However, ABC's explanation of why Pleydell is not so objectionable, despite being a Jew, is itself problematic, though evidently the author thought he was being generously open-minded:

Now that Roger could observe [Pleydell] more nearly than in the court, he saw that the Jewish blood in him not just a strain, but filled his veins.  Pleydell was evidently a pure Jew, tall, handsome and dignified as the Jews of unmixed race often are.

Our suspicion that there's something off here with this praise is later confirmed in this bloodcurdling conversation between Roger Sheringham and the suggestively named Anne Manners, the sympathetic (i.e., non-modern) female character in the tale, in which Pleydell is further anatomized over a British tea:

"I've never met a Jew I liked so much before," Anne remarked.

"The real pure-blooded Jew, like Pleydell," Roger told her, "is one of the best fellows in the world.  It's the hybrid Jew, the Russian, Polish and German variety, that's let the race down so badly."

"And yet he seems as reserved and unimpassioned as an Englishman," Anne mused.  "I should have thought that the pure-blooded Jew would have retained his Oriental emotionalism almost unimpaired."

Roger could have kissed her for the slightly pedantic way she spoke, which, after a surfeit of hostesses and modernly slangy young women, he found altogether charming.

Readers today may be forgiven for finding "slightly pedantic" Anne slightly less charming.  What's so creepy about this teatime duologue between these two genteel racists is the way it's presented as a sophisticated, objective, intellectual discussion.  It's a reminder that this was the great era of "scientific" racism, when the "science" of eugenics flourished, with all the tragedies that it entailed.  The problem isn't the pureblooded Jews, you see!  It's only those Russian, Polish and German ones who have "let the race down so badly."  (What others less polite than Roger and Anne referred to as race mongrels.)  Every last one of them apparently.

In 1933, five years after the publication of The Silk Stocking Murders and the year Hitler took full power in Germany, there were, not so incidentally, 9.5 million Jews living in Europe (including the European portion of the USSR).  Over six million of these--nearly two-thirds of Europe's Jews--lived in Russia, Poland and Germany.  It's about the same number of Jews Hitler and his minions succeeded in killing.  It gives a sort of ghastly significance to Roger and Anne's discussion, one which, to be fair to ABC, I'm sure the author never intended.  But it's hard to look past it today.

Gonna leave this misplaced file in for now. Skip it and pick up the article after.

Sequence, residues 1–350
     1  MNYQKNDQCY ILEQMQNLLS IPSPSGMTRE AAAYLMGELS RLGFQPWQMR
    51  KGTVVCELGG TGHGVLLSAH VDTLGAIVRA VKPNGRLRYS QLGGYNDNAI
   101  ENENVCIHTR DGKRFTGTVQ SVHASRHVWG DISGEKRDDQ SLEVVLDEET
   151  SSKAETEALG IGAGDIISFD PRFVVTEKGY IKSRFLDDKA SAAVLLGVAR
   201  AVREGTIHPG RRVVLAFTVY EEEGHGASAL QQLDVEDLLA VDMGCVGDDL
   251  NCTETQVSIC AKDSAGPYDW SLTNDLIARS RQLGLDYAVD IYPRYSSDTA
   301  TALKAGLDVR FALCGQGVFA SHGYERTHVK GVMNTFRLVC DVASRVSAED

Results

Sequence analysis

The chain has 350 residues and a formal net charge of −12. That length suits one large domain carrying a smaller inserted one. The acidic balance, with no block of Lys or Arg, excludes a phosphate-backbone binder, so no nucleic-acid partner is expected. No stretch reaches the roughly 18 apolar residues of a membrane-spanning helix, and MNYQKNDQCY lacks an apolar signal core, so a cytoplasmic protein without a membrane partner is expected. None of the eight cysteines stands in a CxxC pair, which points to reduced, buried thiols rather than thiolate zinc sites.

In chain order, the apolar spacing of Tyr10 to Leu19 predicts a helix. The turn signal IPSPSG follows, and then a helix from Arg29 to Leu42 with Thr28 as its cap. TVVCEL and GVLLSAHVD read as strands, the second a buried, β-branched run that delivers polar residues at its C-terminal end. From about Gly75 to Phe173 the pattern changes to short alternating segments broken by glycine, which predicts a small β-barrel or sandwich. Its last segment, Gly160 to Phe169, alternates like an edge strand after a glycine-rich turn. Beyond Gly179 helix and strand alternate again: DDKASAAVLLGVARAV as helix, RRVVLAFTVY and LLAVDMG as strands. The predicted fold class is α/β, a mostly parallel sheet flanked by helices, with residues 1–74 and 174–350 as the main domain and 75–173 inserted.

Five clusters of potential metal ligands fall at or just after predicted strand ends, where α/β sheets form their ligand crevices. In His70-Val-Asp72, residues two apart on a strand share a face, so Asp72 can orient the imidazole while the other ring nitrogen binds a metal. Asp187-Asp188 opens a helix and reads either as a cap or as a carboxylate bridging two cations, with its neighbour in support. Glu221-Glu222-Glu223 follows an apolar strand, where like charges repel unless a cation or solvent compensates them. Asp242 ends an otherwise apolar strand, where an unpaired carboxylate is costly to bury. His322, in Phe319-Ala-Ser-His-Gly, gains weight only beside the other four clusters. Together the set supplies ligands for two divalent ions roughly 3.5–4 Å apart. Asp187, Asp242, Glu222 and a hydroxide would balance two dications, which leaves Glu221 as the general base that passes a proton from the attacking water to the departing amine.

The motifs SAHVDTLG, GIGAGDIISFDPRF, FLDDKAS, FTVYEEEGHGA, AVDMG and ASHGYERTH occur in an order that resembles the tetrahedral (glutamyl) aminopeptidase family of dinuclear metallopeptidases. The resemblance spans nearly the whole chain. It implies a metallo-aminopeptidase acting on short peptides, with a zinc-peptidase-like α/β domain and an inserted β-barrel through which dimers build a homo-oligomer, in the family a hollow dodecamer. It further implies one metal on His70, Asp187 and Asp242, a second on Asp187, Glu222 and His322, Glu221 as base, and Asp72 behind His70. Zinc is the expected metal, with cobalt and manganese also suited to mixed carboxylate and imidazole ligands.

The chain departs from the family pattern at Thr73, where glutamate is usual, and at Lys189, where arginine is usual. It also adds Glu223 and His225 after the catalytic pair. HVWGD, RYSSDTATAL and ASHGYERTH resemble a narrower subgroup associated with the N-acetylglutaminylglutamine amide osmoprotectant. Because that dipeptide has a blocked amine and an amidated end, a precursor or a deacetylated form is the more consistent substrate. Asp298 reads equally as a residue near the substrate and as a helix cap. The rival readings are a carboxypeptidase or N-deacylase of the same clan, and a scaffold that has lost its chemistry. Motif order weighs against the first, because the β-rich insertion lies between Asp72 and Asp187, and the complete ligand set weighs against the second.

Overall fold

see Holocaust Encyclopedia United States Holocaust Museum

To HarperCollins' credit, I believe this passage was not whitewashed but rather left in its recent reprint of the novel, which probably is the main reason it has an average rating of only three stars on  Writes one reviewer, "I found the antisemitism so extensive here as to be sickening...."  I agree, though it's certainly instructive about social attitudes of the time, and thereby has great value for cultural historians.

I's easy to pick on Nigel Morland or Sydney Horler or Sapper, to name a few authors of the sillier thrillers, which are often deemed the tripe of the crime fiction genre (and they deserve criticism, to be sure); yet the works of purportedly "sophisticated" writers like ABC--the filet steaks and truffles if you will--often get a a pass, like those of Chandler.

But how sophisticated was ABC, really?  Let's take a look at another of his books, The Wychford Poisoning Case (1926), also reprinted by HarperCollins.  Like The Silk Stocking Murders, Wychford also averages three stars on  (Were these really the Berkeley titles that needed to be reprinted?  Why, for heaven's sake?  He wrote much better ones.) 

In Wychford ABC, a noted misogynist, takes on relations between the sexes, managing in the process to sound more like Bobbie Riggs than Sigmund Freud.  The novel is subtitled, rather grandiosely, "An Essay in Criminology."  As in a lot of essays (not this one I hope) there's a lot of pontificating, much of coming from our old friend Roger Sheringham.  Many of his expressed sentiments are positively loopy.  In particular Sheringham's thoughts on women suggest that, when it comes to psychiatry, Roger would have made a much better patient than practitioner.

In truth Wychford mainly seems to be about Roger's (and the author's) extreme antipathy toward the modern woman of the Roaring Twenties (an antipathy glimpsed as well in The Silk Stocking Murders), as embodied in the tale by a flippant flapper named, naturally enough, Sheila.  "I'm simply reveling in all this!" sheila burbles at one point.  "It's fun being a detective."  Sheila, take a bow!

At various points Roger takes time to recommend spanking as the way the solve the problem of forward modern women like Sheila (and this recommendation is resolutely adopted in one nauseating passage) and to fume over these shameless females being so brazen as to don "male" garments like pajamas.  How dare they!  But Roger absolutely grabs the chauvinism cake with both hands with his jaw-droppingly misogynistic soliloquy on page 124 of my edition:

Sheila, take a bow!
And prepare for a spanking.
"Nearly all women...are idiots....charming idiots, delightful idiots, adorable idiots, if you like, but always idiots, and most damnable idiots as well; most women are potential devils, you know.  they live entirely by their emotions, both in thought and deed, they are fundamentally incapable of reason and their one idea in life is to appear attractive to men."